The episode is tantalizing for all the bits and pieces that we never get to see, and also for a very human window into what being the Doctor must be like. The character isn’t often cruel, but he can be callous, forgetful, and distant. Listening to Lady Me’s story reminds us that the Doctor probably uses these tactics as a barrier between himself and all the emotions that come from living far too long and losing everyone along the way. Ashildr’s decision at the end to look after those the Doctor leaves behind, to be there for Earth’s best interests, now begs so many questions in the fandom: Just how many companions has she influenced after the fact? What responsibilities has she taken on for the good of us all, and is she really the right person to do it?

Doctor Who, season 9, The Woman Who Lived
The choice of the name “Me” is entirely fitting when dealing with the similarities between Ashildr and the Doctor; in effect, the Doctor’s name is a very similar statement, a testament to what he is, rather than who. Her choice to save Swift is a similar parallel—sadly, she can no longer find herself a companion, but undoing the damage she to him, she has essentially gone through the same arc the Doctor did in the last episode. She “saved someone.”

The downsides here are very similar to previous episode’s issues—much of what goes on is entirely a setup for the very end of the episode, a build to Ashildr finding her humanity again, but what comes between doesn’t seem important enough. That little heist, for instance, seems a great deal of fuss, when it could have easily been a quick there-and-back scenario. While there’s a lot of emotion packed into the script, Ashildr spends so much of her time denying all of it, we miss out the opportunities to see those moments land for her. (It makes the flashbacks with her empty cribs one of the strongest points of the episode because we are given the chance to really see how it affects her.)

Doctor Who, season 9, The Woman Who Lived
The climax of this episode is just tops. Dealing with the historically crowd-pleasing theatre of public execution gives the episode a heavy dose of humor, even as it addresses a very dark aspect of the past. Swift’s way with the audience is charming, and the Doctor’s ability to play along is such smart way to allow him to play hero in this story. I would have watched a full half hour of that.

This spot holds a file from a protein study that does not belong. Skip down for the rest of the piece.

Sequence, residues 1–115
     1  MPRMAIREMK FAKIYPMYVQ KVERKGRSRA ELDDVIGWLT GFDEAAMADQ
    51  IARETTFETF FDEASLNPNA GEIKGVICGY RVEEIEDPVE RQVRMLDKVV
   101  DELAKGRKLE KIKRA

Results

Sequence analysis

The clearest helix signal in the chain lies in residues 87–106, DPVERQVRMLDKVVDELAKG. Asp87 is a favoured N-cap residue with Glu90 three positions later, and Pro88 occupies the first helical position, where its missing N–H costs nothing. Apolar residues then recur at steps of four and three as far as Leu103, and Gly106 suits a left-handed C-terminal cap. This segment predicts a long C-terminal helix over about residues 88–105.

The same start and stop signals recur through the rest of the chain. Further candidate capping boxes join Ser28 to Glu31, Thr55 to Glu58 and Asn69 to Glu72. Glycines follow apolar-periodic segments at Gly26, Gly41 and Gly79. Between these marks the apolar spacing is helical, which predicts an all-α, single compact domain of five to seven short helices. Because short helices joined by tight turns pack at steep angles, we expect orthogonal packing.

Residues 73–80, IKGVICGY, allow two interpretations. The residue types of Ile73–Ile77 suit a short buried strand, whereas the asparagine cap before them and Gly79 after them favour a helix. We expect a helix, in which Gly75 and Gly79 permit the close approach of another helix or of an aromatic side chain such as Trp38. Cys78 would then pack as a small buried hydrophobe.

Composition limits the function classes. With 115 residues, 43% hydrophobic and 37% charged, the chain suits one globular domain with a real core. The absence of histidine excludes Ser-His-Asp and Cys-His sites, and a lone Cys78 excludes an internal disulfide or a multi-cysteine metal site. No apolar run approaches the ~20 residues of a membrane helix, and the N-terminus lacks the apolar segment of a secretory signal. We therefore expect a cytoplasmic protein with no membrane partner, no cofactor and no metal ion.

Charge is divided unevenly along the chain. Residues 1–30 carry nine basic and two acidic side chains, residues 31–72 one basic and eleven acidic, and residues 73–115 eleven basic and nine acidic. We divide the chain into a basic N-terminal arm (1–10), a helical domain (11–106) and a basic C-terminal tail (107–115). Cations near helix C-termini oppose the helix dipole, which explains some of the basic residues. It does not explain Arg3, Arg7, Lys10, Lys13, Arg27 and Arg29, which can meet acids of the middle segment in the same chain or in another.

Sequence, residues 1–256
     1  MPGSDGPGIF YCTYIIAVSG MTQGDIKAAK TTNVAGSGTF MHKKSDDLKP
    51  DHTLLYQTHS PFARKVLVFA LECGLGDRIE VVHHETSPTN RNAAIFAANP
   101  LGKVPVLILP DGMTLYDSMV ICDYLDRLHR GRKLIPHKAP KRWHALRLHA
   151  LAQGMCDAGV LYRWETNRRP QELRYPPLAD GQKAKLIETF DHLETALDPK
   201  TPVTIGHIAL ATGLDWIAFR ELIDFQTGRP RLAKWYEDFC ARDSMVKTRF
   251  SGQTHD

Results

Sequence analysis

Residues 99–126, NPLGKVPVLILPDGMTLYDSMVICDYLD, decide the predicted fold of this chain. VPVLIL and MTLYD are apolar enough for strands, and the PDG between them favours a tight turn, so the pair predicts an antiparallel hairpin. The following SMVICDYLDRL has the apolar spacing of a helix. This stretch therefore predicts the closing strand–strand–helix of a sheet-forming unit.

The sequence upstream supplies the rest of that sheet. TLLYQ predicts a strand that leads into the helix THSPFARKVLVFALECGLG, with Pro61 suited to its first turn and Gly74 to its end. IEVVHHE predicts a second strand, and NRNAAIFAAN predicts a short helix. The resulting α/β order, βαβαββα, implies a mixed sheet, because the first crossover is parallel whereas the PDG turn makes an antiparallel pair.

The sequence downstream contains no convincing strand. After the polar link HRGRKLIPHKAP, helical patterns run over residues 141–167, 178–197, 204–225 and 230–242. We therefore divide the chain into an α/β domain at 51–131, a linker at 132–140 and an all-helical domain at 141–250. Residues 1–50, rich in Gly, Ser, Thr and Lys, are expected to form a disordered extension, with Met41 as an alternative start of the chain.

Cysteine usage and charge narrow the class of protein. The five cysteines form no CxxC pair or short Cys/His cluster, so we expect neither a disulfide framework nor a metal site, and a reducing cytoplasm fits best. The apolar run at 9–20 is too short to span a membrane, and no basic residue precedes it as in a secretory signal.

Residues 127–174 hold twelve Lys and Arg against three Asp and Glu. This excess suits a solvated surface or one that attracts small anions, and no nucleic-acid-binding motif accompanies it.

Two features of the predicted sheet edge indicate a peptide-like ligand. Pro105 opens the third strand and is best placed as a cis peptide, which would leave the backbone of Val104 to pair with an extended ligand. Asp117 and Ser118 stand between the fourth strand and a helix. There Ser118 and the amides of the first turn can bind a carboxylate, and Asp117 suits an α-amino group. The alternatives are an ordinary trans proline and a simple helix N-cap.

Maisie Williams does it again, being such a superb foil to the Doctor that we don’t miss Clara overmuch in this episode. This is also, markedly, the first episode of Who written by a woman since Helen Raynor’s Sontaran two-parter back in season four. Catherine Tregenna wrote for Whovian spinoff Torchwood, and did an excellent job here with the material given. Hopefully, she’ll be back for another round. The potential arc that the end of the episode plays into is chilling; we know we’ll be seeing Ashildr (or Me or whatever she’s calling herself at that point) again, but how this will all pan out by the season finale makes for great suspense. I haven’t been this excited to find out what lies in wait since Rose kept blinking in and out of episodes in season four.

Doctor Who, season 9, The Woman Who Lived
I’m at a bit of a loss to understand why the Doctor wouldn’t tell Clara about what went down by the end; it is extremely relevant for her, even knowing that the Doctor himself is never much of a sharer. And she really needs to stop saying things like “I’m not going anywhere,” because whether or not she dies, it’s just a little too heavy-handed when all is said and done. Stop being ominous, Clara.

Here are the few shout-outs that I noticed in this episode:

  • Lady Me’s butler, Clayton, is also the gentleman who voiced the Face of Boe on the show.
  • Speaking of the Face of Boe, the Doctor suggests that Ashildr might run into Captain Jack Harkness at some point. To which I say, Jack’s reappearance on the show is well past due.
  • The Doctor also mentions the Great Fire of London, and tells Ashildr that it was started by the Terileptils, which happens in the Fifth Doctor serial, “The Visitation.”

Doctor Who, season 9, The Woman Who Lived

  • The Doctor says that purple is the color of death, which might play into the idea that the galactic color for an emergency vehicle is mauve (according to the Doctor in “The Empty Child”)—they are quite close on the color spectrum. In addition, the color of “immortality” is a bright yellow-gold… unsurprisingly, the same color as regeneration energy.

Emmet Asher-Perrin thinks she should get a special prize for getting through this whole thing without making a “Lion King” joke about Leandro. You can bug her on Twitter and Tumblr, and read more of her work here and elsewhere.


Back to the top of the page


This post is closed for comments.

Our Privacy Notice has been updated to explain how we use cookies, which you accept by continuing to use this website. To withdraw your consent, see Your Choices.